For the first weeks I was in Kenya, my father was with me. We’d gone on safari at the base of Mt. Kilimanjaro and bought jewelry in the market. We’d eaten well on the island of Lamu and walked in the museum that was the home of writer Karen Blixen. We were typical tourists. But we’d had the benefit of being hosted by a cousin who’d lived there for years and spoke Swahili. She’d taught us to speak enough Swahili to get a cab, order a drink, and, oddly, negotiate an engine repair. We became more confident and had ventured out frequently together. Eventually, he returned to Canada and I stayed on.
Some women of 19 who travel internationally are quite street smart and worldly. I was neither. I assumed everyone was kind and for the most part I was proven correct. But there was one time that surprised me.
It was on the streets of Nairobi, as I walked alone, that a man leapt towards me. Before I knew what was happening I was seated on an upside down crate on the sidewalk and my shoes were off. The small man leaned towards me and held my eyes as he waved his hand over the stack of daily newspapers that lay near the crate. “Sell papers,” he whispered. As he disappeared into the crowd he looked over his shoulder and smiled. I pointlessly called out to him, “What do newspapers cost?” but he was long gone and I was barefoot.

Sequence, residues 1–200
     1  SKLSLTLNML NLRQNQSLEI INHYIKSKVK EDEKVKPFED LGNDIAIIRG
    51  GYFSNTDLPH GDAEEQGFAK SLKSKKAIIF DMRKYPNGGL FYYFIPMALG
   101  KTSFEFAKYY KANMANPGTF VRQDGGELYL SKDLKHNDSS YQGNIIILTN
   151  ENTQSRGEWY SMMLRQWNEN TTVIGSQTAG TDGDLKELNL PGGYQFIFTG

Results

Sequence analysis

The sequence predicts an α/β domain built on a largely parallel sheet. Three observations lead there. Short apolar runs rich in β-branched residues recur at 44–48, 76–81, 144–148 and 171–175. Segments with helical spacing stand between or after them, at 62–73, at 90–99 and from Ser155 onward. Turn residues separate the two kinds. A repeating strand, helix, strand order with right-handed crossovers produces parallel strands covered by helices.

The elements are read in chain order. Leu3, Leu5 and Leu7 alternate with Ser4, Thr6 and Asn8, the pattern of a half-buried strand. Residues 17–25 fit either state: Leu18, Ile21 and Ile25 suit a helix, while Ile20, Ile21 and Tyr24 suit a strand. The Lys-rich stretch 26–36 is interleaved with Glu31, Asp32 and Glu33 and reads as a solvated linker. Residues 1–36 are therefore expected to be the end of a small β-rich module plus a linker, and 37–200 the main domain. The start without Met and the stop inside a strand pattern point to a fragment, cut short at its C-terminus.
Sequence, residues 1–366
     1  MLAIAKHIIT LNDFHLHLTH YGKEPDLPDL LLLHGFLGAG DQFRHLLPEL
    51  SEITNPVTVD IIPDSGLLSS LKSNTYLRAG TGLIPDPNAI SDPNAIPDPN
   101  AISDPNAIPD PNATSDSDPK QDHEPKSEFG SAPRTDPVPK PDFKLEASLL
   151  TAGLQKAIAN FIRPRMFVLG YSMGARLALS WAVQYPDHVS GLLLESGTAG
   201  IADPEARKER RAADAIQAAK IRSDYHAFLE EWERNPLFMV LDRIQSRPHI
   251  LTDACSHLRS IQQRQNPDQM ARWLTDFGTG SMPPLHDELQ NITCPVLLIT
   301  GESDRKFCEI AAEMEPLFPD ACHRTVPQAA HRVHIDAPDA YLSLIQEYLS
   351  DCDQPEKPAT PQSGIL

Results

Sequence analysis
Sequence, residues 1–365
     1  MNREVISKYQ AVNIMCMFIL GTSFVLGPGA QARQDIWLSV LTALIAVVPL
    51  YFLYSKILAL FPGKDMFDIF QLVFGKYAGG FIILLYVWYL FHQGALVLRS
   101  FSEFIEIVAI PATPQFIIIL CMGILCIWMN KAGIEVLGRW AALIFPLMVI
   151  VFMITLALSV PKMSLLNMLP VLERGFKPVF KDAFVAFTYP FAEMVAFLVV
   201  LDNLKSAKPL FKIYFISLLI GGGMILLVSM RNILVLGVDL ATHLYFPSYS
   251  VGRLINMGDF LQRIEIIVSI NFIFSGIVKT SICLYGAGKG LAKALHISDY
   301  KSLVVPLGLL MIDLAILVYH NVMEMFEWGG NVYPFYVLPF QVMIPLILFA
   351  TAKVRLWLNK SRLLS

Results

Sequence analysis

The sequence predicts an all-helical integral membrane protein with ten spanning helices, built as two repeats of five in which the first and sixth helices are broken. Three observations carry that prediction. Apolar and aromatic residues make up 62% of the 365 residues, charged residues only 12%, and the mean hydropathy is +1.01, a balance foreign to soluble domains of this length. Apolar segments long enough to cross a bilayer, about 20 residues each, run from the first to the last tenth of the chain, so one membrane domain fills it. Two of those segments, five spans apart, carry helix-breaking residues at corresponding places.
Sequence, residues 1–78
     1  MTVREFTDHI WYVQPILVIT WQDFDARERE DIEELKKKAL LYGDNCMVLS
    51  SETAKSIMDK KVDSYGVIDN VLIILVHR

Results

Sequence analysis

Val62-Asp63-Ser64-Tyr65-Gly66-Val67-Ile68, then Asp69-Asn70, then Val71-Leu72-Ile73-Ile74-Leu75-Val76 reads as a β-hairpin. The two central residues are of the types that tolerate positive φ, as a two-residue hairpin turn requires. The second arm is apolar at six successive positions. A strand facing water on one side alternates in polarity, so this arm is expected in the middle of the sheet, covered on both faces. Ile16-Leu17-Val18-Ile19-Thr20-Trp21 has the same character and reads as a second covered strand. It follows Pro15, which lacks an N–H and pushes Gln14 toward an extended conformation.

After more than an hour, I still had no plan and the realization that I’d been robbed was setting in. I began to panic. I was a long walk from my cousin’s house and the tropical weather made the pavement too hot to step on. I was alone on a street corner in central Nairobi. And I was barefoot. My tender feet always wore shoes. Shoes protected me from the heat of the street and from the city’s filth. I could not walk a metre barefoot.
I could not imagine how I would get home or get another pair of shoes or even how I would explain having been robbed of shoes that I wore.
Then, as suddenly as he’d disappeared, he reappeared. “No more flap, flap” he explained as he slipped my newly soled shoes onto my feet. “You sell any paper?” “No,” I regretted having to admit, “I was too barefoot.”